Tattletales for an Open Society | The Nation


Tattletales for an Open Society

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On Friday, January 11, 2002, while teaching my seventh grade US history class about the Declaration of Independence, I compared the series of grievances cited by the Founders to the recent actions of the Bush Administration, saying that we were starting down the road that leads to totalitarianism.

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Further, this is only the beginning. My entire American Revolution and Constitution unit this year will have as its ultimate goal the direct comparison of the actions of the Bush Administration with those of Sen. McCarthy, President Nixon and the House Un-American Activities Committee, to name but a few.

Sadly, I too am too young to have been on Senator McCarthy's, President Nixon's or HUAC's lists. Further, I realize that ACTA is focusing on colleges, but I hope that the fact that I am being allowed to influence adolescents at such an impressionable age will convince them to reconsider. Surely my adherence to the Constitution, the First Amendment and the ideas of the Declaration of Independence qualifies me.

KELLY LOCKLIN US History teacher, McClure Middle School
Seattle, Washington


I support the war in Afghanistan, and I believe that military tribunals (within well-defined limits), the vigorous pursuit of domestic connections to terrorism,andeffective enforcement of immigration laws are justified by present circumstances.But while I might question the strategic wisdom of thosewho dissent from the Administration's approach, I do not question their loyalty or patriotism. I support the right of Americans, including academics,to criticize their government openly, even when I believe that suchcriticism is basedon a naXXXSLTSUXXXiuml;ve understanding of international and military affairs. Accordingly I am appalledby therhetoric of John Ashcroft and others who seem to equate dissent with treason. I am particularly appalled by the McCarthyite tactics of ACTA, which seeks to depict dissent in a sinister light, in the processgrossly exaggerating its actual extent.ACTA cites a small number of examples of dissent to support the claim that academia is "out of step" with the rest of America, yetthe majority of American college and university professors probably support the Administration's response to September 11 to one degree or another. I hope that Joseph Lieberman and Martin Peretz, both of whom I admire and agree with on many issues, will remove themselves from the board of that organization, whose conduct is an affrontto their dignity and intelligence.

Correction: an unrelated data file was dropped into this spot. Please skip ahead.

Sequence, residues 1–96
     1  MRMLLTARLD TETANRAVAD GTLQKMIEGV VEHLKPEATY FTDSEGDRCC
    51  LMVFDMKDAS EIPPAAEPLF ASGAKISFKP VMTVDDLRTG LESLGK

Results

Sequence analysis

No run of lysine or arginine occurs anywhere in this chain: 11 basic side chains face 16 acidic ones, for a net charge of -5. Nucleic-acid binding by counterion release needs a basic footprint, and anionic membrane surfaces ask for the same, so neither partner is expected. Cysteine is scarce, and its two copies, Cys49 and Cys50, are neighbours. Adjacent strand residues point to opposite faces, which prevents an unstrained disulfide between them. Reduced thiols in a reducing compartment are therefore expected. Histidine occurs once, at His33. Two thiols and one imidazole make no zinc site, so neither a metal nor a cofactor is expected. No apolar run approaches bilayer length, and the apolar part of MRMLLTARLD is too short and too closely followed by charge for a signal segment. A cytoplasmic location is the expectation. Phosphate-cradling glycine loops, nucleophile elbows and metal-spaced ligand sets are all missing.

Associate Professor of History and Judaic Studies
University of Nebraska-Lincoln


As I teach a chemistry course, it is not easy to make critical comments in class about this administration's treatment of civil liberties, but I confess, I thought about it. Surely those subversive thoughts are the equivalent of actions. At any rate, I am moved by Lieberman and Cheney's arguments to turn myself in. Perhaps there is a reward?